Study points to agricultural and industrial sources as the main cause of increasing atmospheric methane

Natural feedback or human activities? A new study points to agricultural and industrial sources as the main cause to the soaring
Monthly mean global atmospheric burden of methane and methane growth rate as analyzed from measurements collected by NOAA's Global Greenhouse Gas Reference Network. Credit: NOAA Global Monitoring Laboratory.

Climate change is causing rapid warming in the arctic and tropical regions where natural wetland store large pools of carbon and emit methane. As climate continues to warm, there is widespread concern that wetland methane emissions will increase and contribute even more to atmospheric greenhouse gasses and climate change. Since 2007, atmospheric methane concentrations have increased at rapid rates, with 2020 having the largest observed methane increase since systematic measurements began. The precise causes are difficult to quantify because methane is emitted from a diverse number of natural and human-activities, and the removal of methane is from complex chemical processes. Here, using new data on methane stable isotopes, combined with thousands of potential emissions scenarios, a new study confirms that emissions from anthropogenic sources, including agriculture, landfill/waste, and fossil fuel industry, are clearly the driver for the renewed rise of the potent greenhouse gas since 2007, while global wetlands play a minor role with a contribution of less than 20%.

Methane is a powerful greenhouse gas with 80 times more warming potential than carbon dioxide over a 20-year period and responsible for almost half of the global warming since the industrial revolution. Methane is also a precursor to ground-level ozone pollution and thus tackling emissions would bring short-term climate benefits as well as improve air quality. Since 2007, atmospheric methane concentrations have been increasing rapidly, and even more so since 2014, and the causes for the increase have been debated in terms of the contribution from natural processes versus human activities.

According to the Global Carbon Project's Global Methane Budget, roughly one-third of global come from microbes in natural wetlands that produce methane when decomposing organic material where no oxygen is available. Human activities are known account for about 60 percent of global methane emissions, which include agriculture, landfills and waste, and oil and gas activities, each accounting for 20–25% of global methane emissions. This means that any changes in natural wetlands to the rising temperature could potentially have a significant influence on atmospheric methane levels.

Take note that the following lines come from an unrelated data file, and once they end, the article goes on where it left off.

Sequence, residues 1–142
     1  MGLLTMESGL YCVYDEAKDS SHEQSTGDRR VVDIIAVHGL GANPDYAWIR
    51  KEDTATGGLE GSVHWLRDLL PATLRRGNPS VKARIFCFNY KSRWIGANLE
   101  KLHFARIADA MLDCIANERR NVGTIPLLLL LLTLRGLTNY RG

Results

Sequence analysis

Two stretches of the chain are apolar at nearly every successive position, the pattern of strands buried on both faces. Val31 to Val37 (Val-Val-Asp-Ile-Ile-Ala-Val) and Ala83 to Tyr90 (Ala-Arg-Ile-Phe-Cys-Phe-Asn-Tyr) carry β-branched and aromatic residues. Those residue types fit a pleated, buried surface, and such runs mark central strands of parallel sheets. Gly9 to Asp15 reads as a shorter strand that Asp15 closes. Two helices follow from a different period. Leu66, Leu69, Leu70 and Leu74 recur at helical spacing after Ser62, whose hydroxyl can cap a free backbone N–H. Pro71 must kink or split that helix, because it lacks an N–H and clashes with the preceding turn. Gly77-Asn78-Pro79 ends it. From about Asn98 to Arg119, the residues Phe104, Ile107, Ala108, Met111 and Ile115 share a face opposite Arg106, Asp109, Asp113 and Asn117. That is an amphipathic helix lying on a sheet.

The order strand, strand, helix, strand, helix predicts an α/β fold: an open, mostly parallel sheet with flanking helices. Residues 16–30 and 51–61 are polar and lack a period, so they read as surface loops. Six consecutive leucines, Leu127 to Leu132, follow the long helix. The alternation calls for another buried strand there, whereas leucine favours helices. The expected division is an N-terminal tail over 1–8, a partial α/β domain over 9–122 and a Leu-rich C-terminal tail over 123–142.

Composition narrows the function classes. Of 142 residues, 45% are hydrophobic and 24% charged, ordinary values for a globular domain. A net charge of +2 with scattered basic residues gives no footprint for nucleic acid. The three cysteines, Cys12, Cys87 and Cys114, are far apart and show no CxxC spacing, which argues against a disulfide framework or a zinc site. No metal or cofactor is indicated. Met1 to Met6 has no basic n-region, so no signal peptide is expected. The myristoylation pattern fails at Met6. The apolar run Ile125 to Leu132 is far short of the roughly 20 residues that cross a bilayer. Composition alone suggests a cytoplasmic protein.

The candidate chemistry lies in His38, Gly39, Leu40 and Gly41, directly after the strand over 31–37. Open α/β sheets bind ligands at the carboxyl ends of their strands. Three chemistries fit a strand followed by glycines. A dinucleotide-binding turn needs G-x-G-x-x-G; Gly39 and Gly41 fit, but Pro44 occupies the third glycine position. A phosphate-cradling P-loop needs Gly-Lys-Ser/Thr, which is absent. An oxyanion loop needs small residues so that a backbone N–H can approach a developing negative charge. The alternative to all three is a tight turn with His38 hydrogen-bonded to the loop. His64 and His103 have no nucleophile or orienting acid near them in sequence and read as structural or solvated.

The scientists tested a comprehensive set of scenarios using data from different greenhouse gas inventories and wetland models. They found that the emissions scenarios assuming large wetland methane increases did not match the observed atmospheric isotopic record. In contrast, the methane emission sources linked to human activities better matched the observed atmospheric isotopes. The work provides a detailed attribution of methane growth to agricultural emissions that increased by almost 20% from 2000 to 2017 driven by rising livestock populations, landfills and waste emissions rising by 10 million metric tons, largely attributing to an over 40% increase in the world urban populations from 2000 to 2017. The emissions from oil and natural gas industry have increased by 5 million metric tons with large uncertainty, and coal production increased by 40% globally from the same period.

Natural feedback or human activities? A new study points to agricultural and industrial sources as the main cause to the soaring
The changes in CH4 emissions over the three periods are calculated relative to the average in the CH4 plateau period 2000-2006 (vertical reference line in orange). IFFCH4, AGWCH4, WETCH4, and BBCH4 represent the CH4 sectors of industrial fossil fuels, agriculture and waste, wetlands, and biomass burning, respectively. Credit: Science China Press

"Increased human activities clearly emerge as the main cause of rising atmospheric methane concentrations. No evidence for strong natural feedback of climate on wetland methane emissions exists for now despite its potential dominant role in the future as the temperature goes higher". says Zhen Zhang, an Earth-systems researcher at University of Maryland College Park who led this study.

"This study shows the value of observing methane isotope signatures as a technique to isolate and better understand methane sources. Sustained and strategic observations of methane over wetland regions are needed to detect climate change feedbacks, which become more likely each year as warms." said Benjamin Poulter, a research scientist at NASA's Goddard Space Flight Center in Greenbelt, Maryland.

The recent 26th Conference of Parties to the United Nations Framework Convention on Climate Change also highlighted methane mitigation as an essential component to addressing . This study demonstrates that mitigation in sectors dominated by human activities would have a significant impact on the growth of atmospheric methane.

"Good news is the natural feedback is still not that strong. But without substantial mitigation actions, we will lose the opportunity to control methane as we will have no solution with the natural feedback once it's there". said Zhen Zhang.

More information: Zhen Zhang et al, OUP accepted manuscript, National Science Review (2021). DOI: 10.1093/nsr/nwab200

Citation: Study points to agricultural and industrial sources as the main cause of increasing atmospheric methane (2021, November 17) retrieved 26 March 2023 from
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